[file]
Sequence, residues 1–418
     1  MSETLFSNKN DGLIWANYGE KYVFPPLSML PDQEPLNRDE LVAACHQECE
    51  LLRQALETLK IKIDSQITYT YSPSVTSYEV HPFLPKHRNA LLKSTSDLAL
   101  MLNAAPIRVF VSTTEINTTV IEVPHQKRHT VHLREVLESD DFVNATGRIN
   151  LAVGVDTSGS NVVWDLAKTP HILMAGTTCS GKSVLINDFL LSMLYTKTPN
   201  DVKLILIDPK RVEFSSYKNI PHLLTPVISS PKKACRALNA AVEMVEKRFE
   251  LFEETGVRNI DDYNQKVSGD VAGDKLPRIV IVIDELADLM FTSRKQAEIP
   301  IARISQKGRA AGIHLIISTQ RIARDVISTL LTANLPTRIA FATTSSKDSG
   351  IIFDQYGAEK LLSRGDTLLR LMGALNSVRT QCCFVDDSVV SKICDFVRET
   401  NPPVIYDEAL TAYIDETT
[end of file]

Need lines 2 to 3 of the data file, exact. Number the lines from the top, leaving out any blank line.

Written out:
     1  MSETLFSNKN DGLIWANYGE KYVFPPLSML PDQEPLNRDE LVAACHQECE
    51  LLRQALETLK IKIDSQITYT YSPSVTSYEV HPFLPKHRNA LLKSTSDLAL